Transit Aide to Pay $2,500 Fine in Conflict Case
A middle manager at the Orange County Transportation Authority has agreed to pay a $2,500 fine for breaking state conflict-of-interest laws by failing to disclose a side business, a spokesman for the district attorney’s office said Tuesday.
Efren Villanueva Medellin, a 23-year county employee, paid the fine and acknowledged his culpability to settle a civil lawsuit that the district attorney filed against him Monday for violating the Political Reform Act of 1994, Deputy Dist. Atty. Matthew Anderson said.
No criminal charges will be sought because Medellin was not found to have intentionally violated the law, Anderson said.
In addition, Anderson said there was no evidence that Medellin used his former position as a maintenance supervisor to enrich his own business, which he ran out of his Garden Grove home. The enterprise, called Medellin Product Services, sold automotive parts to customers, including other transit agencies.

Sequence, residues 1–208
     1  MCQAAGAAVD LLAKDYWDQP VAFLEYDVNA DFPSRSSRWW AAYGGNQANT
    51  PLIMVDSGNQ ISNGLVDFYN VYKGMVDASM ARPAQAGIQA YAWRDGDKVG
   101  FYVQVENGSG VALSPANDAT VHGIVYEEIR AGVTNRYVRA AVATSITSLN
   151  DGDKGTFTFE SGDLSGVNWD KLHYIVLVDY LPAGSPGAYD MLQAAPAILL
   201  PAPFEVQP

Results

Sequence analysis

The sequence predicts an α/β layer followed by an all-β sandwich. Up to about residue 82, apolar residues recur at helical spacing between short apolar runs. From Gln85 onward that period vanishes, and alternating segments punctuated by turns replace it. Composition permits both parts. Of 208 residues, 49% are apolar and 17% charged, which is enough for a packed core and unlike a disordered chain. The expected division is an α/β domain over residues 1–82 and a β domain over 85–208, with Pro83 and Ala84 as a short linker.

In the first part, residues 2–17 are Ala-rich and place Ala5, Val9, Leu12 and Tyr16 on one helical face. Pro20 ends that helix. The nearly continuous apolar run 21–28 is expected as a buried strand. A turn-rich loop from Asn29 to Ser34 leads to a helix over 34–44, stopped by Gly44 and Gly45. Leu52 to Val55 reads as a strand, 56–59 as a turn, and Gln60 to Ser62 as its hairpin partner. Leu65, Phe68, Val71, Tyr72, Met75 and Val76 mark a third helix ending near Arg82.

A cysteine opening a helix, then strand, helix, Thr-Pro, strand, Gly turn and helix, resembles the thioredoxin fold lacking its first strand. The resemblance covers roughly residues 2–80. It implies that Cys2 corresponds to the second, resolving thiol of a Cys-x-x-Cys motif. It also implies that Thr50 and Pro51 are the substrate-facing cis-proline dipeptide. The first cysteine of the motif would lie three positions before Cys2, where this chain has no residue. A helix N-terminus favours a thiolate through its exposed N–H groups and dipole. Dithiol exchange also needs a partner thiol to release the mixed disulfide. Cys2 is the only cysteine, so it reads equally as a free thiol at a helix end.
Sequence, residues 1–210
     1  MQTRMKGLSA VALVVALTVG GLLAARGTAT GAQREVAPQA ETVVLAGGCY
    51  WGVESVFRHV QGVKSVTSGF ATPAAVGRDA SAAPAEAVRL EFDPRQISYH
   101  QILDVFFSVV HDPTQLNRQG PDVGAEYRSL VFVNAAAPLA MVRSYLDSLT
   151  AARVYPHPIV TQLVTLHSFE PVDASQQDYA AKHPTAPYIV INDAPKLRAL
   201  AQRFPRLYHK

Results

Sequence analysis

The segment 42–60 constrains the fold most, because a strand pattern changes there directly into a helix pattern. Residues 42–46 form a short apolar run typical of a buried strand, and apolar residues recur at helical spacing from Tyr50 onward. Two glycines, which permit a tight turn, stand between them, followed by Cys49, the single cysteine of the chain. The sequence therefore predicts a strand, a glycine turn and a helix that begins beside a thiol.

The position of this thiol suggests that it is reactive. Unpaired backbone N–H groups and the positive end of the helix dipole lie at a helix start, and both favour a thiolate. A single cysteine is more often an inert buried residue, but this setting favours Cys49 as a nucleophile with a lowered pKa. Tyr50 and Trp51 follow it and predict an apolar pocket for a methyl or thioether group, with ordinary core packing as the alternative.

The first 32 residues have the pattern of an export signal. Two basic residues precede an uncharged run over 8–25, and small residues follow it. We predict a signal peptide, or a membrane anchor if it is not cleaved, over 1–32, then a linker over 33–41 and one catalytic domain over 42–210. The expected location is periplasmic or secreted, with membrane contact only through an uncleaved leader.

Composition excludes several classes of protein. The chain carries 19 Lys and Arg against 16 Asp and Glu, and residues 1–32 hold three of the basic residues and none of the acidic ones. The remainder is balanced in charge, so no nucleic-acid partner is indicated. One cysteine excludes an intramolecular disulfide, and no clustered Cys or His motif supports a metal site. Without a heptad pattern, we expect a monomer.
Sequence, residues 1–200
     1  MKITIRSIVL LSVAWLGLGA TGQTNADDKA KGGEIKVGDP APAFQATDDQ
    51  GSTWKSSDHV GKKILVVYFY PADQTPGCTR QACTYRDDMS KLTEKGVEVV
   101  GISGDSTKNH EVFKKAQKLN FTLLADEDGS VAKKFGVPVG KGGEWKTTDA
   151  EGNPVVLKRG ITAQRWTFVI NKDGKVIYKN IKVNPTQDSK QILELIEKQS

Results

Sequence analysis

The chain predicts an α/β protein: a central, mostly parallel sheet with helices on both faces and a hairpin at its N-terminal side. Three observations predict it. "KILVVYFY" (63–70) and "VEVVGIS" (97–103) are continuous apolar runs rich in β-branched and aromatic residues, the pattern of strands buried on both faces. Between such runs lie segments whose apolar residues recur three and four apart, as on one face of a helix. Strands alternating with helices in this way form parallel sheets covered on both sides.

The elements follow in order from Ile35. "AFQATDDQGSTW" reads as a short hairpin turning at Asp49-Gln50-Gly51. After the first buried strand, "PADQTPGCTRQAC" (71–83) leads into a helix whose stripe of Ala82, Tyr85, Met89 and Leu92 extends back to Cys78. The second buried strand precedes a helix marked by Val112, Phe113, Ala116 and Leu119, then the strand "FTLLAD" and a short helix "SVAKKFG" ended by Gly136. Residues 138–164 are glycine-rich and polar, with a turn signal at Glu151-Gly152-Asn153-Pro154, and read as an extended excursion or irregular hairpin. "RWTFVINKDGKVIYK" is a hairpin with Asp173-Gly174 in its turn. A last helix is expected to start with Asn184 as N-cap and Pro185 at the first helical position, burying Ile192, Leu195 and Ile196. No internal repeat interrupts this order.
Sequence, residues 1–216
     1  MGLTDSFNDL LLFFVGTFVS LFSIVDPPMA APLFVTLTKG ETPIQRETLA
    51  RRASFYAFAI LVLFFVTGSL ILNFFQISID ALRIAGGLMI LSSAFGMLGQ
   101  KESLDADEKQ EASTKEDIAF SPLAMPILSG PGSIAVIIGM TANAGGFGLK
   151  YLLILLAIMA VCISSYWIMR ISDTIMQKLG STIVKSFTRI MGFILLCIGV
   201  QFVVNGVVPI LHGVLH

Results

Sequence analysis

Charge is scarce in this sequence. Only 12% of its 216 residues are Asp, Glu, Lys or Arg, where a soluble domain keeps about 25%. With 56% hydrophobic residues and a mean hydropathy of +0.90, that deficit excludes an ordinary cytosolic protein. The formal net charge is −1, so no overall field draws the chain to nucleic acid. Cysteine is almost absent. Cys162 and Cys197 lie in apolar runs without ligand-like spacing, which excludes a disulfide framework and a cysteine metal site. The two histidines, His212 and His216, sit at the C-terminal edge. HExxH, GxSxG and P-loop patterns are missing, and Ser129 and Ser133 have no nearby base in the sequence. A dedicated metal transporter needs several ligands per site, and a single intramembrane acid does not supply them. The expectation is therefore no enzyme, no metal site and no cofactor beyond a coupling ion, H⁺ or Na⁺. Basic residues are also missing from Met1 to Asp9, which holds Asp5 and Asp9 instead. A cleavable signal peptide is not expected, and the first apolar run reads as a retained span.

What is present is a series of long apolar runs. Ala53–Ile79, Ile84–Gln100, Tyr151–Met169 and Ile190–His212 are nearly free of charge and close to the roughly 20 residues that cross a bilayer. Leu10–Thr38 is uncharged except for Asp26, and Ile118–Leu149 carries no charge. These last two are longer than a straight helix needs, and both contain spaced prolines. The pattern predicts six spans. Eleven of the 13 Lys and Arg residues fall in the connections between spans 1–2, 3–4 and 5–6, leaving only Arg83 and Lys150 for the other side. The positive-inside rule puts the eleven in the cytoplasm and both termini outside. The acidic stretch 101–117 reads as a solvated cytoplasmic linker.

Nonetheless, Anderson said that Medellin broke the law when in March, 1991, he neglected to mention in financial interest reports required of all public officials that he had started a business the previous year.
While Medellin did list the business in his 1992 report, he neglected to report sources of business income over $10,000 as required by law, Anderson said.
Medellin refused to comment on the settlement.
Marlene Heyser, the OCTA’s director of human resources, said Medellin, 46, earlier this year gave up his home business as part of a separate agreement he made with the transportation authority.
When OCTA officials first became concerned about potential conflicts involving Medellin’s home business in 1993, he requested reassignment from the maintenance department, where he might influence the purchase of bus parts, Heyser said.
She said that more recently Medellin, who had been moved to the operations area, was again shifted, this time to facilities, where he holds a $62,900-a-year management job and “is not dealing even indirectly with any parts vendors.”
All this was done, she said, “to remove the appearance of conflict of interest and to ensure there would be none. . . . We are very serious about this.”